If you do a little investigating, you will find that no federal agency in the US is taking responsibility for assuring that RF radiation does not adversely affect the public. When you press the issue, you find that the buck stops---nowhere. And that is a situation that is of concern to some scientists working in those agencies.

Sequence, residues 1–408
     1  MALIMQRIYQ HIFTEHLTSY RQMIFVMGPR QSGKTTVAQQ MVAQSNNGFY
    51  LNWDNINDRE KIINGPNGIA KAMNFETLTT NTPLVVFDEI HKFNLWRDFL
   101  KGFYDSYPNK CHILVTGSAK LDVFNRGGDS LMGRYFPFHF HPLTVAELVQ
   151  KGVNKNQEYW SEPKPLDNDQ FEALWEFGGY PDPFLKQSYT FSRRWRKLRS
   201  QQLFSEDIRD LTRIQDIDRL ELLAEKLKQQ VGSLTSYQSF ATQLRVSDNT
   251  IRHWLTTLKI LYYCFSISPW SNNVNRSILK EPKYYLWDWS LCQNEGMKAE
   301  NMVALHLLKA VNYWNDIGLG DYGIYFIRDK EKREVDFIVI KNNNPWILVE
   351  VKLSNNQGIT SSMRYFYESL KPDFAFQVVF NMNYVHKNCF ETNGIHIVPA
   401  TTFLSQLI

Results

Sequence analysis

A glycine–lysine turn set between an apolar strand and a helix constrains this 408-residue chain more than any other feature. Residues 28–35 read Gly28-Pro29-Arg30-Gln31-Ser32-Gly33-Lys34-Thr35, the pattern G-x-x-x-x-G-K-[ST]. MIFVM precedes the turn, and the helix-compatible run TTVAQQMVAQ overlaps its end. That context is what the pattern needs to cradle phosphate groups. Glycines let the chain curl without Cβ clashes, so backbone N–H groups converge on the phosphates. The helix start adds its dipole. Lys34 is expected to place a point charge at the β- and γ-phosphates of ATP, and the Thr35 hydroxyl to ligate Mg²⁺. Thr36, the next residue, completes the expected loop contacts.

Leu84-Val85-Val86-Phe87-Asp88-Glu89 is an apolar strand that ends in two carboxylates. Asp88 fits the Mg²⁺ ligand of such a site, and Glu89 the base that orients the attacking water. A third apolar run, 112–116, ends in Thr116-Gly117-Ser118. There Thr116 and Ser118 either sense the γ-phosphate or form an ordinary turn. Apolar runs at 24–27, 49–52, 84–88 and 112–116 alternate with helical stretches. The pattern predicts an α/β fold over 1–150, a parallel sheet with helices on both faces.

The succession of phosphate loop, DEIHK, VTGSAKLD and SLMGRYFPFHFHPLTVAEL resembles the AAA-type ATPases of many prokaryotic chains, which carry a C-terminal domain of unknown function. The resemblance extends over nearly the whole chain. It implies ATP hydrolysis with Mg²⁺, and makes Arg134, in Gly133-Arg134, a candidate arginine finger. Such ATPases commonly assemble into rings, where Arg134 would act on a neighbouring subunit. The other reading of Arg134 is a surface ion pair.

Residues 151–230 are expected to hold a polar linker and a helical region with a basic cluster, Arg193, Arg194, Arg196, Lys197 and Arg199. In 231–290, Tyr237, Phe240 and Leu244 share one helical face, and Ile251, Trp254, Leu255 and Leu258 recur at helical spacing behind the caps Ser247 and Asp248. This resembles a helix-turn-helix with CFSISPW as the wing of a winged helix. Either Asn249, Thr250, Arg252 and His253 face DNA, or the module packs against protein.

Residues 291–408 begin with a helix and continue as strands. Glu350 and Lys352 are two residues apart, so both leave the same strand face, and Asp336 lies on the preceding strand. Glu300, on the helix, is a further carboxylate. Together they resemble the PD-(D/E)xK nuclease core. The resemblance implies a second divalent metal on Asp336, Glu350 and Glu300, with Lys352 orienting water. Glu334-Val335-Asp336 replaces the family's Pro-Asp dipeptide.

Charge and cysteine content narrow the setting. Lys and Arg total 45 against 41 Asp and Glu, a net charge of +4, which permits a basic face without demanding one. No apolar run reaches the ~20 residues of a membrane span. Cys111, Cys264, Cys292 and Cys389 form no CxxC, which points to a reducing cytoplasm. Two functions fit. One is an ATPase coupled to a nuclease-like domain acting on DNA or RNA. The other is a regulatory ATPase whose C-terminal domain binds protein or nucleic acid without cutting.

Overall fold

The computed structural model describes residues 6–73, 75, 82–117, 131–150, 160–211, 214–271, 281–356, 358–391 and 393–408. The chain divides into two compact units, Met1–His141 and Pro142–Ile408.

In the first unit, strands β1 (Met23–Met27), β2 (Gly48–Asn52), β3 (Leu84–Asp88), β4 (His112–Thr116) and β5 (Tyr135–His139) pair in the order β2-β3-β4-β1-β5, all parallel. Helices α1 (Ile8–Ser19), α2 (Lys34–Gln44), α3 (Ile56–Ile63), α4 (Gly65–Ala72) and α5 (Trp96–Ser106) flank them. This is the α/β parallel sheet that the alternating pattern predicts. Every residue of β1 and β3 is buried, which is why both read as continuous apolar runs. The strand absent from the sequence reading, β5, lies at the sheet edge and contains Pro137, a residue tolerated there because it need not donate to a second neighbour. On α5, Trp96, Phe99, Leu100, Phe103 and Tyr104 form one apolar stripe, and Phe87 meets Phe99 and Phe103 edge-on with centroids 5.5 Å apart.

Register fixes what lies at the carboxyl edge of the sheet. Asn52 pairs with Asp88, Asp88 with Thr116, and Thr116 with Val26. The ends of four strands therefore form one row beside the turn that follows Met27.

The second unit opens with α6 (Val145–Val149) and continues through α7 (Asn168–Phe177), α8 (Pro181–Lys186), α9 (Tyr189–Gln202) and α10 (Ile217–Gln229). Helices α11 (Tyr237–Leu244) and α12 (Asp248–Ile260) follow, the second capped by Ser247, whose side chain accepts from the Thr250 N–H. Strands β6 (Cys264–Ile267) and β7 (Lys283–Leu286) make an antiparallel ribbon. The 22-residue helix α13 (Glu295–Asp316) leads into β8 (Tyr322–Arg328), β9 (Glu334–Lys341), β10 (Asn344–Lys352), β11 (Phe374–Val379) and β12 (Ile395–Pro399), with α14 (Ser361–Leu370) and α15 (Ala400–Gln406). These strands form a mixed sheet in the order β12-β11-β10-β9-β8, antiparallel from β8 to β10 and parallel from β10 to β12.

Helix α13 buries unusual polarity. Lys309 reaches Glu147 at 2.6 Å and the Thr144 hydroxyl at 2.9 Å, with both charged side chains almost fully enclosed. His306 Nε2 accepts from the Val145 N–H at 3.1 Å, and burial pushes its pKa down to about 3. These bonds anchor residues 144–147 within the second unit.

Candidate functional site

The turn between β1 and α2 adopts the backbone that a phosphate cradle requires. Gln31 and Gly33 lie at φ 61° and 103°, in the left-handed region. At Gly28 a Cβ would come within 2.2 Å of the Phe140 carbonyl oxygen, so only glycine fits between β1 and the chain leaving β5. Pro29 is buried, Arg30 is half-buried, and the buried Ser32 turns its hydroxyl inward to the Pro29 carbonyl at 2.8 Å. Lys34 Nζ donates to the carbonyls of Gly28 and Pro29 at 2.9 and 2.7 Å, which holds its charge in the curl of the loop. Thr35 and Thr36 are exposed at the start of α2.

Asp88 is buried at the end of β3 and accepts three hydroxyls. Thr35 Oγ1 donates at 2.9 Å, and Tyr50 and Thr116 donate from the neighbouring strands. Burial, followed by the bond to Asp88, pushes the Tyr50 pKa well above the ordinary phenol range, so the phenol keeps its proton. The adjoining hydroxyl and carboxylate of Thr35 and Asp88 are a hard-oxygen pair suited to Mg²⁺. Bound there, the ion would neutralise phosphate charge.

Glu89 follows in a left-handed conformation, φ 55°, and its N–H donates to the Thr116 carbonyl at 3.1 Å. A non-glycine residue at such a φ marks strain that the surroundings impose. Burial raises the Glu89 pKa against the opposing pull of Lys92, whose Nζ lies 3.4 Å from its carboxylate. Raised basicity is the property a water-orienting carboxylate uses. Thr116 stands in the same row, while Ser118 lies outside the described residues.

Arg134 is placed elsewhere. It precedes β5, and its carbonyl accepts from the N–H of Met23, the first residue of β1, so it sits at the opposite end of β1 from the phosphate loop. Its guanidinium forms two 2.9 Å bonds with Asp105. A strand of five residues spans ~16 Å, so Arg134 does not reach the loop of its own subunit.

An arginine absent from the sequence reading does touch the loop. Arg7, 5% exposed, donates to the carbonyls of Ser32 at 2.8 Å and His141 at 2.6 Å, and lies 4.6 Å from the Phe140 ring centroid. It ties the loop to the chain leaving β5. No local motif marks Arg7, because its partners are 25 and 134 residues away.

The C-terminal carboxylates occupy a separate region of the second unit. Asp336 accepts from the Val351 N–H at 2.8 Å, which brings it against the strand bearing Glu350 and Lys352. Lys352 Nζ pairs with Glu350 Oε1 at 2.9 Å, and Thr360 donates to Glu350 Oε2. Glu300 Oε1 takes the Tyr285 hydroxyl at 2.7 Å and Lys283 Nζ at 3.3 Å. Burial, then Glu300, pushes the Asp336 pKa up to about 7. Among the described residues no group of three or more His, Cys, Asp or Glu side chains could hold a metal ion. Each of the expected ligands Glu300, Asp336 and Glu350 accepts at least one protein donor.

This is a far more complex issue than meets the eye. And it is very possible that there is a whole lot more about the nature of microwaves and their interaction with the living body that we do not know about at this point in time.

In addition to those listed by someone above, here are a few more sites I have found useful:


Then they should use the law-suit money to install a fiber optic network, there is no radation and the bandwidth is greater at high speeds.